A few years ago (before I retired), I bought a book titled Book + Art. Handcrafting Artists’ Books by Dorothy Simpson Krause. At the time I read through it but I did not find the time to experiment. Now, I have the time… so I have been experimenting!
My proximate motivation, was the series of “Autumnal Abstracts” I made this fall. I was interested in finding a way to display a set of images from this series and a small book seemed like a good solution.
My first usable book (Photo A1, below) began with two small photos printed on a half sheet of regular inkjet photo paper which was then folded in half. This makes for a final a page size of 4.25″ x 5.5″. Three of these folded sheets were then sewn into a card stock cover.
This construction is very nontraditional…the open ends of the folded sheets are placed at the crease of the cover and sewn in place. More usually, the creases of the pages are place into the crease on the cover for sewing. However, the “odd” construction worked pretty well and I did not need double sided inkjet photo paper. One small snag with this construction is that the book is very stiff… it does not lay open by itself. (This is why there is not a photo of the inside!)
I was so pleased with the result that I made seven more copies for an edition of eight!
After my “success” with the Autumnal Abstract series, I decided to try a similar but larger book (see photo A7) with photos from my “Flow” project. The construction is the same as above but I used 11″ x 17″ sheet of paper; again printing two images per sheet. This results in an 8.5″ x 11″ page when folded in half. For a cover, I used a very nontraditional material… a sheet of thin “craft foam” from one of the chain stores.
Emboldened and wanting to experiment further, I switched back to the Autumnal Abstract series.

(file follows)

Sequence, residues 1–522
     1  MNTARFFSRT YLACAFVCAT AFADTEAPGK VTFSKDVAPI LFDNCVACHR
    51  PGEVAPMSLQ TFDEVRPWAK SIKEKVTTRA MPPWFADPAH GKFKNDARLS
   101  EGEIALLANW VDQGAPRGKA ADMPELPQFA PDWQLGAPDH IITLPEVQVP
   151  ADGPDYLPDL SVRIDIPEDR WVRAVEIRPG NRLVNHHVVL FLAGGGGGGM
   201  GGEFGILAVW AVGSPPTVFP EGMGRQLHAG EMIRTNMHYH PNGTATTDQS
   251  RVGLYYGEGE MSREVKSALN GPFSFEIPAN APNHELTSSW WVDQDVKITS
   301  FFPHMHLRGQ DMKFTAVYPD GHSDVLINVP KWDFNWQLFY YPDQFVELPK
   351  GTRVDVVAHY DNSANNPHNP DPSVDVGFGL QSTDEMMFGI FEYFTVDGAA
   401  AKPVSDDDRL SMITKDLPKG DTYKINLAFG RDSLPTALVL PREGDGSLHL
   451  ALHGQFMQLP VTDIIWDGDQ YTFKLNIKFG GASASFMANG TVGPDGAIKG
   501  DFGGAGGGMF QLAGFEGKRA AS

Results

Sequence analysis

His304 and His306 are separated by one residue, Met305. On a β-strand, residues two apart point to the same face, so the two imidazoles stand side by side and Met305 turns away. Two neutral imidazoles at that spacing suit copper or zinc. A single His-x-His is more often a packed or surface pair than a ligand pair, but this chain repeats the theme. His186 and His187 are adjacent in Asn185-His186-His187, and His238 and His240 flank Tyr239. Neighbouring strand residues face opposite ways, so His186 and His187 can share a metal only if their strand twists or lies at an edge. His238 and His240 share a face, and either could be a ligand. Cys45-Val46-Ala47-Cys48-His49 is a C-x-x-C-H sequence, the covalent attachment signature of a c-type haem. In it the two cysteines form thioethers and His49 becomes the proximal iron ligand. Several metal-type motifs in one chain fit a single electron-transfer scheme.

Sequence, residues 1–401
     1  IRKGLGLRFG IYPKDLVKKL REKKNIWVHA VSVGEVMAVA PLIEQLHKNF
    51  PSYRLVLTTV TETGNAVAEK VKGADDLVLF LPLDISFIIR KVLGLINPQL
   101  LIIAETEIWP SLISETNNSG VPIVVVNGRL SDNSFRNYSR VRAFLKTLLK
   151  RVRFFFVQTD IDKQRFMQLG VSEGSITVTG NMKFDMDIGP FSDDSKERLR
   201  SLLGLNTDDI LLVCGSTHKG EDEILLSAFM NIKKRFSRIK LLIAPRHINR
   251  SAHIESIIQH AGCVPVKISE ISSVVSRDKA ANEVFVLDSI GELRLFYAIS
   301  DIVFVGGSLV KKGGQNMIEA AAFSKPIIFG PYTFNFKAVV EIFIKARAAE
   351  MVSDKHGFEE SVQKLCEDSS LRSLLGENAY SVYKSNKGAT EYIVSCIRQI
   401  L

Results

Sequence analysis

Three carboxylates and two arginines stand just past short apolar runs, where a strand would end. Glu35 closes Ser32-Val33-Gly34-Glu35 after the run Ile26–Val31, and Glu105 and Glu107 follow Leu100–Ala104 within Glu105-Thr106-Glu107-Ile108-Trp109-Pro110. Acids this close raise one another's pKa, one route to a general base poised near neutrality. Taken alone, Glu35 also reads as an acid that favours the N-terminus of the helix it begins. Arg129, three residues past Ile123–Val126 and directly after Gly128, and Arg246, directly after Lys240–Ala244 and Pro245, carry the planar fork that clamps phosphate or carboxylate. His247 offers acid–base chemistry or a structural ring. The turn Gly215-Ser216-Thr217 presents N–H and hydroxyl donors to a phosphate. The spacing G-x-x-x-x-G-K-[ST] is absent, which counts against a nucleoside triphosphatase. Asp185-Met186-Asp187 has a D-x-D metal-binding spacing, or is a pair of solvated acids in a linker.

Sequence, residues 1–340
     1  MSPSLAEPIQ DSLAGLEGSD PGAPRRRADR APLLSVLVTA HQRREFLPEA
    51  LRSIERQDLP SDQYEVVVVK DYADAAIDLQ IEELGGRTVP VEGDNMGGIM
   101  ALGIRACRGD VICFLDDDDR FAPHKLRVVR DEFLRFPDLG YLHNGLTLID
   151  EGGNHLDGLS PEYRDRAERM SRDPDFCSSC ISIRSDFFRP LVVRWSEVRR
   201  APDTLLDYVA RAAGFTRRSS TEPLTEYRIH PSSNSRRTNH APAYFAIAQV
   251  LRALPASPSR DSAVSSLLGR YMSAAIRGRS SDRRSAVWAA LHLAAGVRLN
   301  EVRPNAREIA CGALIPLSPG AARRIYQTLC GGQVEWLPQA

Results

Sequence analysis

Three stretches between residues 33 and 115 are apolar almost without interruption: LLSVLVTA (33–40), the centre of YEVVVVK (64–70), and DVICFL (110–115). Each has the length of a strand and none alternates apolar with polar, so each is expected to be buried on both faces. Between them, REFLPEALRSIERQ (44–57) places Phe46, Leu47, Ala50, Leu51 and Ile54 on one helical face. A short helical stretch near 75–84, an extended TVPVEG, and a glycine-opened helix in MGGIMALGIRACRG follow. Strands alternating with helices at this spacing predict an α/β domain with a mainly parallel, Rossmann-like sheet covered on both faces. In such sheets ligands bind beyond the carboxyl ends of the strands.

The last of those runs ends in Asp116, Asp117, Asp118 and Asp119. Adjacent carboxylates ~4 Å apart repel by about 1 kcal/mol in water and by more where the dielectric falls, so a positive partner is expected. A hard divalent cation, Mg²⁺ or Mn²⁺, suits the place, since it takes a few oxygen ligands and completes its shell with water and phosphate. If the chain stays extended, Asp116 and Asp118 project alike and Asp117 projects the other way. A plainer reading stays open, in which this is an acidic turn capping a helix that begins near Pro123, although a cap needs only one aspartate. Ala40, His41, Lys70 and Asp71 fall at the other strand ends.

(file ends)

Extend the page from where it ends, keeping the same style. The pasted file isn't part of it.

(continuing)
The next version (Photos A2 and A3) of was a more traditional construction. I made, using traditional methods, a small booklet (4.5″ x 6″) out of bristol board and I glued photos on to the pages.
In looking though my stash of photo paper, I found that I actually had a package of double-sided paper. It is not high quality paper but it sufficed for another experiment. I printed two photos on each side of a half sheet of this paper and trimmed them so that the pages were 5.25″ square when folded in half, Three of these folios were stacked together for the final book. I added a card stock cover and bound them all together with a traditional pamphlet stitch. The result (Photos A4 and A5) is a very traditional looking booklet.
About this time, I visited Zephyr Designs, an art supply store over in Brattleborough, Vermont. I came back home with a number of sheets of decorative paper with which to continue my experiments!
Photo A6 shows one result. The construction is similar to the second version described above except that I again”went square” (6″ x 6″) and the cover is made from a piece of heavy and woody paper rather than simple card stock.
Long thin (i.e. panoramic) photos are often difficult to display traditionally (i.e. matted and framed). In thinking about this “problem”, I decided that an accordion book might be the solution… so I experiments some more!
I won’t bore you with all of the failed experiments. Suffice to say that most photo papers have coatings that crack when folded and that a number of the resin coated papers contort into all sorts of interesting shapes when glued to more traditional papers! (Plastic coated papers don’t react to moisture the same way as regular papers do.)
My first successful attempts at accordion books involved printing on regular watercolor paper (a half sheet that measures about 7″ x 20″) and adding decorative paper covers to the end panels. (see Photos A and B below; these are showing up at the end of the series for some reason…. #%@$ computers!)
This was a good start, but not every photo looks good with the muted contrast one gets when printing on “plain” watercolor paper. So I continued my search for an ink jet paper that would work in this context. I also was interested in completely covering the back of the print (i.e. not just adding covers) with decorative paper.
I think that I have got all of the problems solved! The remainder of the photos below show the front and back of five different accordion books (measuring about 5.75″ x 16″) that I have made over the past few days.